With no hesitation, Jonah said, "I feel bad saying this because I can tell you love it, Gordon, but no. I actually think I'm definitely taking this option off my list."
I was so surprised! I asked him why.
He said that it had never occurred to him how fast-paced/high-pressure the restaurant environment would be (he's a pretty laid back guy) or how much his nights and weekends would be totally dominated by his work if he pursued this career. His time with family and friends is very important to him, and the schedule in this field would not mesh well with others who work more traditional daytime hours. He said he thinks he'll keep his cooking for fun and entertaining his friends, but culinary school was off the list.
What a valuable opportunity! Finding out you definitely DON'T want to pursue a career (and why) is just as valuable as making your choice to settle on one that you DO want to pursue.
Our investigation of Architecture started with looking at the required courses for this major at several universities. Jonah quickly decided that these required courses did not interest him enough to warrant the time and money needed to go this route.
Our investigation of school options in the Fitness field revealed that several options were available. Everything from independent intensive programs (less than one year) to prepare for the National Certification Test from 4-year Bachelor degrees in Exercise Science could be had...with several variations in between.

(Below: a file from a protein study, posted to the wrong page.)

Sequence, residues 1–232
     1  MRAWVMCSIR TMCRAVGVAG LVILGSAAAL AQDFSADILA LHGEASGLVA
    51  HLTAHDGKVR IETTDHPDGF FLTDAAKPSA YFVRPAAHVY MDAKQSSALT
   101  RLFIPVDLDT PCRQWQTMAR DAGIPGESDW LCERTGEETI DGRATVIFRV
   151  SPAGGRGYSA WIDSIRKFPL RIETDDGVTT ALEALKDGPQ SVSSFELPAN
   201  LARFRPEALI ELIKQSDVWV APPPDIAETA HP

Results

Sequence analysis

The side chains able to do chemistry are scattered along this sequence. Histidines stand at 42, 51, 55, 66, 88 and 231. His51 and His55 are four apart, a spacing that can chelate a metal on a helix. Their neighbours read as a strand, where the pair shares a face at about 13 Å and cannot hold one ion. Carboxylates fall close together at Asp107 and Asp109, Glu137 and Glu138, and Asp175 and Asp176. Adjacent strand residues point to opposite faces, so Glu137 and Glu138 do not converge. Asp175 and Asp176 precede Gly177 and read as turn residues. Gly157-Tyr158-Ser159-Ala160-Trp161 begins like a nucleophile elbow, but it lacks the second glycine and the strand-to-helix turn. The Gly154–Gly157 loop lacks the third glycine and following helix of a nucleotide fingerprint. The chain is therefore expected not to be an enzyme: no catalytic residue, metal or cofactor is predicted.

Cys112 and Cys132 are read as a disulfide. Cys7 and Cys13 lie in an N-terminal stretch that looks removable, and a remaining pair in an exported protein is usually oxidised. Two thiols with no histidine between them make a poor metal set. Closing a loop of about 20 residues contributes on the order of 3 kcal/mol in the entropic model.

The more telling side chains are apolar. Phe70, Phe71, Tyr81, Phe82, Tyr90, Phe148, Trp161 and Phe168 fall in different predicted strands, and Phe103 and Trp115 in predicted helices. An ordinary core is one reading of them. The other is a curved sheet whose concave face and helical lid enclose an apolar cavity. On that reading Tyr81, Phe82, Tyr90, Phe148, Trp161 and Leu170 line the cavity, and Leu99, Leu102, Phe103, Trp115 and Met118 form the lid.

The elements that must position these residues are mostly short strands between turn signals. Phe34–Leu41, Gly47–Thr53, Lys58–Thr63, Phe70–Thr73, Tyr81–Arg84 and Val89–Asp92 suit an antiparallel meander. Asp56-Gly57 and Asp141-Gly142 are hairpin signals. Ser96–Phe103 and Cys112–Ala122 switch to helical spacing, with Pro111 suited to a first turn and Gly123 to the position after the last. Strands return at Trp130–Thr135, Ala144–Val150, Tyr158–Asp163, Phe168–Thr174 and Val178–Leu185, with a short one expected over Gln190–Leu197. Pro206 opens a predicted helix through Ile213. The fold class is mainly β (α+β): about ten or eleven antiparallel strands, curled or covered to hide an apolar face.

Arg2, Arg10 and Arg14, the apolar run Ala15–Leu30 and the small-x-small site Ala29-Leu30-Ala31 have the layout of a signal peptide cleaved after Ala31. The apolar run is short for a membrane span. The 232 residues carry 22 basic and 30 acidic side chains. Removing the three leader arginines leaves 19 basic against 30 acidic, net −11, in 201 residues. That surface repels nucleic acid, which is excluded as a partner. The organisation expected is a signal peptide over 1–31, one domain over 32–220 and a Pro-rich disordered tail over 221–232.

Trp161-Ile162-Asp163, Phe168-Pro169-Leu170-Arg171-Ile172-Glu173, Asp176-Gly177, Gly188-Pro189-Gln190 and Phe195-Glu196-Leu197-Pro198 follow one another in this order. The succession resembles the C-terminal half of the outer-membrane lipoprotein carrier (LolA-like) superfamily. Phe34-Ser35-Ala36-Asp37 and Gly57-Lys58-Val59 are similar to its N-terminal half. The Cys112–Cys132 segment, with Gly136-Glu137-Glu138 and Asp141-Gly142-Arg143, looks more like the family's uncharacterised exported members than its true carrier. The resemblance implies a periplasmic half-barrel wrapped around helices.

We met with people working in the field and learned of the need for perseverance in building personal client lists, excellence in people skills, a teaching mindset as each client has different needs and unique learning styles (remember the personality test and Keirsey report that indicated he was a natural teacher?), and flexibility in work schedules. All of this was really sounding like a good fit to Jonah!
He has made his choice and just graduated from high school. He begins his 1-year Certificate Program at our local college (very affordable option) with plans to extend for a 2nd year to complete his Associate Degree in Exercise Science. After that, he has the option to transfer those credits in to any of the state universities to be an incoming Junior in an Exercise Science Bachelor's program if he wants to.
His very intentional decision to work on high school career exploration in 10th grade resulted in him learning a lot about himself, ruling out several careers he thought he might enjoy, and educating himself on the various ways he could pursue the field he's chosen to go after now that high school is over.
Do we know for sure that this career will be "successful"?
Of course not! Life doesn't offer those kind of guarantees.
But we do feel confident that he is starting in a wise direction, taking smart steps after high school graduation.
And we hope sharing our experience may encourage some of you to be intentional as you look into high school career exploration!
High School Career Exploration